Ronco Canepa located in the western part of the commercial area, characterized by total area of about 170,000 m2, 640m-long berth and water depth at 15m. The project involved river mouth maintenance dredging of about 1 million m3 of mainly sand and reclaiming a land area of about 65,000 m2. Works had started in 2009 and are still ongoing.
The most recent Port Master Plan, developed in 2015, is a bold response to the need to identify a new model for port development, in collaboration with local government and the other public and private stakeholders, aimed at improving relations between the port and the city, which in Genoa live side by side.
Being the largest seaport in Italy and one of Europe’s busiest, with over 51 million metric tons of trade volume each year, the 2001 Genoa Port Master Plan must have invoked many challenges with construction and engineering methodology, potential damage to environment, disruption to transhipment?
As a matter of fact, the two different projects (Calata Bettolo and Ronco Canepa) faced the same challenges and constraints with regards to dredging and land reclamation issues. These challenges have been managed throughout all project phases, from planning and design phase until delivering.
Challenges were first connected to the port’s positioning, due to its intimate proximity with the city. Being adjacent to the airport also imposes severe constraints even during construction phases. The Genoa port also poses a complex reality, due to the different commercial interests and multiple operators and stakeholders.
Firstly, it was necessary to guarantee port and terminal operations along the entrance and the main channel during the construction phases. Therefore, dredging activity was regulated in close connection with harbormasters and according the availability of areas to dredge. This constraint had to be managed in advance, both across the detailed design and within the contract, so as to avoid claims from the general contractor.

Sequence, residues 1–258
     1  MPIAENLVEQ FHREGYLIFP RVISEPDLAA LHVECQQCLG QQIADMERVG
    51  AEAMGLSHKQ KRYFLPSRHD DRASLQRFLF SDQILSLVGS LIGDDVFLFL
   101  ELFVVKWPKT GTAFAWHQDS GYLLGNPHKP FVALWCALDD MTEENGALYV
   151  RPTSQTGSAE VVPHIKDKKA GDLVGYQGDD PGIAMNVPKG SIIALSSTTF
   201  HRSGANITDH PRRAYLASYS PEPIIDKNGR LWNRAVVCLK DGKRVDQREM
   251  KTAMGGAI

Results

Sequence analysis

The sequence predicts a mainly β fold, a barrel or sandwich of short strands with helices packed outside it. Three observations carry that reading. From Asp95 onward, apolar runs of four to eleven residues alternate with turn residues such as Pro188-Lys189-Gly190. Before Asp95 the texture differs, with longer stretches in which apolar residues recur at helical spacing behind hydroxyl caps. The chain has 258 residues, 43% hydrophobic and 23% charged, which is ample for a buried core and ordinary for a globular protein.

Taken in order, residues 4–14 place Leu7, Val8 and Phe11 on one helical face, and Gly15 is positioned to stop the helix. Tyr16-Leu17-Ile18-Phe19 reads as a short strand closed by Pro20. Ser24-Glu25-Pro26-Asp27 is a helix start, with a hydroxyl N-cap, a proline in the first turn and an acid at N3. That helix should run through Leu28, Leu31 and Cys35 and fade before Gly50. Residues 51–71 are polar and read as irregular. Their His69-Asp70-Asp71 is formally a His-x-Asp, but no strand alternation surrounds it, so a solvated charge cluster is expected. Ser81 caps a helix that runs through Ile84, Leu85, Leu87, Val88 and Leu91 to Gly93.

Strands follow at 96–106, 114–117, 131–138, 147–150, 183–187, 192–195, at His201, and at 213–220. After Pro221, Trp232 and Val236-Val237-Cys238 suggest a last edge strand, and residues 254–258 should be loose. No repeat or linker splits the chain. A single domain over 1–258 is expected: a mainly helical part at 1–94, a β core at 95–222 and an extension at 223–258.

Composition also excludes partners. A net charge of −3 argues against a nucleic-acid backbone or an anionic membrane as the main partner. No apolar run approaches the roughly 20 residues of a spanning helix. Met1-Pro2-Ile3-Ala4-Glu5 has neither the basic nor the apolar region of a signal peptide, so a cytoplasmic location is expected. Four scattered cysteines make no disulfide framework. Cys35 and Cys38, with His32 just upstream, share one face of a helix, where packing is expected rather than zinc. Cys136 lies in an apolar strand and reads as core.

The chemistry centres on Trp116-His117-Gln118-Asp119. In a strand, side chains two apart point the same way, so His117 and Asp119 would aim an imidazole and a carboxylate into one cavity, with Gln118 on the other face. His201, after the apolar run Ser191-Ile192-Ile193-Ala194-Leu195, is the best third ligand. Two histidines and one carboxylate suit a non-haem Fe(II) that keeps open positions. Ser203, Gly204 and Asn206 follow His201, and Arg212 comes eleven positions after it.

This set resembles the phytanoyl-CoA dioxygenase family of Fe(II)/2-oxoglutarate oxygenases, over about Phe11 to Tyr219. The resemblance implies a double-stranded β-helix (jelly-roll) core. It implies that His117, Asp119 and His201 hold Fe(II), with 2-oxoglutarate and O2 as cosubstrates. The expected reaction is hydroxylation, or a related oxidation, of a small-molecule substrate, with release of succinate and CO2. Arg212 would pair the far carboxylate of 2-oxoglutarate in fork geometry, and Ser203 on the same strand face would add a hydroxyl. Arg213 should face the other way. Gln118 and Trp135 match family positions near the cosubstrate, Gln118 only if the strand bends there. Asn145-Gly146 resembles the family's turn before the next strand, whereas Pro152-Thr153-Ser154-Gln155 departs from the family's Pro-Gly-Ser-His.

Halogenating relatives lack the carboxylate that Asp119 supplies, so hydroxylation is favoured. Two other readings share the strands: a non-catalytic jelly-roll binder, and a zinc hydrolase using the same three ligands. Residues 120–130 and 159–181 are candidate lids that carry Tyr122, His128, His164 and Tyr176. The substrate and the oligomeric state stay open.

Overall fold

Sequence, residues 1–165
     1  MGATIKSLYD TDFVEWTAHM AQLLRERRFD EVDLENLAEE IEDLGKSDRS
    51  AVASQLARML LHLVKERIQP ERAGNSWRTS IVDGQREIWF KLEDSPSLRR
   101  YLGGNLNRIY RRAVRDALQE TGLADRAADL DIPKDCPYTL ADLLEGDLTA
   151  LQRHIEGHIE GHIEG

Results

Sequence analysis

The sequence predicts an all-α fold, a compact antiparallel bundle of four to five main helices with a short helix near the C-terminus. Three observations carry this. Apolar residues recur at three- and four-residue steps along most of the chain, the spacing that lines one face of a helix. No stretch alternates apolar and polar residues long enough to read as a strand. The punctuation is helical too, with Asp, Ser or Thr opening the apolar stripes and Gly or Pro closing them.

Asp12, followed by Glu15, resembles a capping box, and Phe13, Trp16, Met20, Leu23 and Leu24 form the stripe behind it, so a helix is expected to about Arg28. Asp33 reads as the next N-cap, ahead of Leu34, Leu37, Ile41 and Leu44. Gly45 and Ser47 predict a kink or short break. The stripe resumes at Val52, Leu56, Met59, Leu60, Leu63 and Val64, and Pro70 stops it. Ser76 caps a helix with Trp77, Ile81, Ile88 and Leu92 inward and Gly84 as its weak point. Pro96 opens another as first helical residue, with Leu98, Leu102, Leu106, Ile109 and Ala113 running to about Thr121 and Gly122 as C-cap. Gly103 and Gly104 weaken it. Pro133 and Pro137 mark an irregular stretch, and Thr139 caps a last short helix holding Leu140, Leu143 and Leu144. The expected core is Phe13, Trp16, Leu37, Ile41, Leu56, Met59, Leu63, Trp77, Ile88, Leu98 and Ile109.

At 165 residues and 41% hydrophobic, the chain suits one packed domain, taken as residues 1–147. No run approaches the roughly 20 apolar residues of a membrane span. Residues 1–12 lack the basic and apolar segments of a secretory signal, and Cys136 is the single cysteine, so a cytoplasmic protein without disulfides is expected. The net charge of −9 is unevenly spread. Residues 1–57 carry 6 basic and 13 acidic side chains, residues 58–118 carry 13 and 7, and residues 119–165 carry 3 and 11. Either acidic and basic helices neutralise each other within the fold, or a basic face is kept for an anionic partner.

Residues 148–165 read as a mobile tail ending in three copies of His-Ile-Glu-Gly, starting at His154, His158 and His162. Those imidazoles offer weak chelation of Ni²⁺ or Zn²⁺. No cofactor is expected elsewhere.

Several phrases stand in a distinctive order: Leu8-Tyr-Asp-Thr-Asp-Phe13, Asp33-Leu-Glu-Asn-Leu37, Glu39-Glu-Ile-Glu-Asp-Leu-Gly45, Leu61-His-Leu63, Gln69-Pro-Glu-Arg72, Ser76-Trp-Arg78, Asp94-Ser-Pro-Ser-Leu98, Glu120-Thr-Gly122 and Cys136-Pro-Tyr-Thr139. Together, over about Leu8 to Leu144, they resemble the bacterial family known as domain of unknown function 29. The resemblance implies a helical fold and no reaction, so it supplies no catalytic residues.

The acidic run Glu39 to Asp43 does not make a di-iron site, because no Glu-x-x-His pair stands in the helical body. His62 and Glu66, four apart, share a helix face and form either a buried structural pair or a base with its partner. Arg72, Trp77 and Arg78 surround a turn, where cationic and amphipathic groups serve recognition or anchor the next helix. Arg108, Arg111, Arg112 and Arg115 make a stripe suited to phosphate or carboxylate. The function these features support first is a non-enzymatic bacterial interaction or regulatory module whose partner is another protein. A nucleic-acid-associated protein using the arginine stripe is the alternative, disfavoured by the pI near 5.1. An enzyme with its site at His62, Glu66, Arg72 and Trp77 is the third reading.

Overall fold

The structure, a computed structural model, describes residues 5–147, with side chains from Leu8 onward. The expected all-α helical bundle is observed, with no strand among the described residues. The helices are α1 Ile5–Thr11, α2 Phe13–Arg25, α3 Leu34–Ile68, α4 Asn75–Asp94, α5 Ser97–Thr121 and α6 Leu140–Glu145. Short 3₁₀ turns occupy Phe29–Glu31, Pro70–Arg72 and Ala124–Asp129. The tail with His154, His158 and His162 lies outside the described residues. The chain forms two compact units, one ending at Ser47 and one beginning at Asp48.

The variety of areas extension and materials to dredge also meant employment of different types of dredging equipment that had to be deeply analyzed in advance. From for the environmental point of view the Italian law on dredging and land reclamation (D. Lgs. N° 152/06) was very strict, making related works time-consuming. It was necessary to implement chemical analyses and characterization in advance for the entire port seabed in order to avoid dredging disruption and claims from the general contractor
In addition, due to proximity to the urban waterfront, during dredging operations it was necessary to maintain constant control the turbidity levels and find the best trade-off with marine equipment.
Finally dredging had to be performed in compliance with structural stability of existing structures, so the detailed design imposed the depth and distance from existing quays and berths.
Dredging was for maintenance purpose in both cases: in the Calata Bettolo project the huge dredging activity all along the channel and quays allowed the Port to accept bigger vessels, whereas in Ronco Canepa the huge dredging activity along a river estuary was beneficial to river safety conditions, reducing flooding risk upstream.